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What is it About Roofs?

The proposed stadium deal for the Minnesota Twins does not include a roof. The Twins say that they aren't willing to pay for a roof. If a roof is to be included, they say that the state of Minnesota will have to foot the $100 million bill.

Stadium proponents urged the state's largest county to move rapidly for legislative approval to levy the additional 0.15 percent sales tax, which would run for as long as 30 years and amount to 3 cents for every $20 purchase in the county. The 42,000-seat stadium, which would include a $125 million contribution from the Twins and would not feature a retractable roof unless the state contributed the extra $100 million cost, would be completed by 2009 in the downtown Warehouse District.

A similar thing is going on in the push for a new stadium for the Vikings.

Two years ago, after evaluating three potential locales in Anoka County, county officials landed on the Blaine site, which has more than 400 acres ready for development. It stands just west of Interstate Hwy. 35W, bordered by 109th Avenue NE. to the north and Lexington Avenue to the east.

Soon after, the county proposed a fixed-roofed stadium, with a 300,000-square-foot medical clinic, a 250-room hotel, 1.3 million feet of corporate office space, 200 townhouses and 650,000 square feet of retail and entertainment facilities.

The total cost was estimated at $1.6 billion.

The county and city presented the plan to Gov. Tim Pawlenty's Stadium Screening Committee last year and, with the concept, the Anoka County Board approved a three-quarter-cent sales tax increase to help pay for it.

But in a meeting with city and county officials on April 14, Wilf was apparently indifferent to a roof, questioned the need for the clinic and told political leaders that he would examine the Lino Lakes land, 8 miles to the east of the Blaine site, near Interstate Hwy. 35E. ...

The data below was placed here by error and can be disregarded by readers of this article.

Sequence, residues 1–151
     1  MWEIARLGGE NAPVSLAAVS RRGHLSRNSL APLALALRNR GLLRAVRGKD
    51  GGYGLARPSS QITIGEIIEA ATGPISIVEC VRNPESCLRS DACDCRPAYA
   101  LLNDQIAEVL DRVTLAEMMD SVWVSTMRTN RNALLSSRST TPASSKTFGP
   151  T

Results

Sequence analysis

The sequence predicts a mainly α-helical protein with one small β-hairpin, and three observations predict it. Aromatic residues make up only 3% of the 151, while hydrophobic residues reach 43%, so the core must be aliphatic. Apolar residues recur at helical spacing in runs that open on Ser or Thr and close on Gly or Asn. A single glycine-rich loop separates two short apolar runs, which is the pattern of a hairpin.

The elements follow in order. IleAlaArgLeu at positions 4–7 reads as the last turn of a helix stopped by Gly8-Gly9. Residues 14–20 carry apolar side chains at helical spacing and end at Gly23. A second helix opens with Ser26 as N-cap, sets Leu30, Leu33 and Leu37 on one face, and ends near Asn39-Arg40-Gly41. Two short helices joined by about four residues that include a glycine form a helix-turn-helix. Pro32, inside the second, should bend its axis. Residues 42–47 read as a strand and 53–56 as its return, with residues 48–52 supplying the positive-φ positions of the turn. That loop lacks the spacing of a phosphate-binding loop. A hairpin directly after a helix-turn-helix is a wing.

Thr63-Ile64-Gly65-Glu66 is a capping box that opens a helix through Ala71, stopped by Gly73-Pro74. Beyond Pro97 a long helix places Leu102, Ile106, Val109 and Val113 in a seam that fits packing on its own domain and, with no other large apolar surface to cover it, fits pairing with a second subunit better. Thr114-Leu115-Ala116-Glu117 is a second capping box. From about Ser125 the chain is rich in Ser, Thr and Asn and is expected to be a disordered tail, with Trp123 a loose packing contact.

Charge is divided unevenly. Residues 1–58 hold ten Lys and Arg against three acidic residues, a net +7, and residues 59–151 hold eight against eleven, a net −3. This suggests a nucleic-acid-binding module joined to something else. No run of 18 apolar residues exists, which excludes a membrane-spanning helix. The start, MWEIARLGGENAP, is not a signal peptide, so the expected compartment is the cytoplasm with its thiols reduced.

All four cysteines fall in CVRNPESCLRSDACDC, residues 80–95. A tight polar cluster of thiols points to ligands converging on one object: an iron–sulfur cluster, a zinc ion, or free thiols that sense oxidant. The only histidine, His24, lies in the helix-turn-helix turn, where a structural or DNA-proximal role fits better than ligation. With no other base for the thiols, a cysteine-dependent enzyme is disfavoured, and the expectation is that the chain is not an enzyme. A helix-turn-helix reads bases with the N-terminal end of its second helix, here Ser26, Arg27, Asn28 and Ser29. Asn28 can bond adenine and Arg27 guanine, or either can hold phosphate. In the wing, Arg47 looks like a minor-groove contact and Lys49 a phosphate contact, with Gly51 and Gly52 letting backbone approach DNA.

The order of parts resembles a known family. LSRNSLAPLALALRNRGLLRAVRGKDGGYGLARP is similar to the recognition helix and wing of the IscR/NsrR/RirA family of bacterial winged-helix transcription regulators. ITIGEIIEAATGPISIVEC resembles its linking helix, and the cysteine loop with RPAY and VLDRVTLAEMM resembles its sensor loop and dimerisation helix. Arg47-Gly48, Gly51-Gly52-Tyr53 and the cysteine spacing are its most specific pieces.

"Without a roof, you have nothing," Ryan said. "For this to work, you've got to get into the entertainment business."

With a roof, the stadium's year-round capabilities would allow it to play host to events such as the NCAA men's basketball Final Four and even a Super Bowl, said Novak.

Without a roof, the stadium's use would be limited to a handful of events besides Vikings games.

Why would the Vikes not want a roof? It'll keep the state bird out of the stadium and it does get a wee bit chilly up here in late fall and in the winter. Even so, putting on a roof is not economically justifiable.

I ate With Jay Weiner of the Minneapolis Star-Tribune over lunch two weekends ago. He told me that in his conversations with Twins officials, it would be cheaper for the Twins to buy coats/hotel rooms for every person who chose not attend a game because of the threat of inclement weather than it would be to put on a retractable roof. So in other words, the lost revenue associated with inclement weather isn't that great.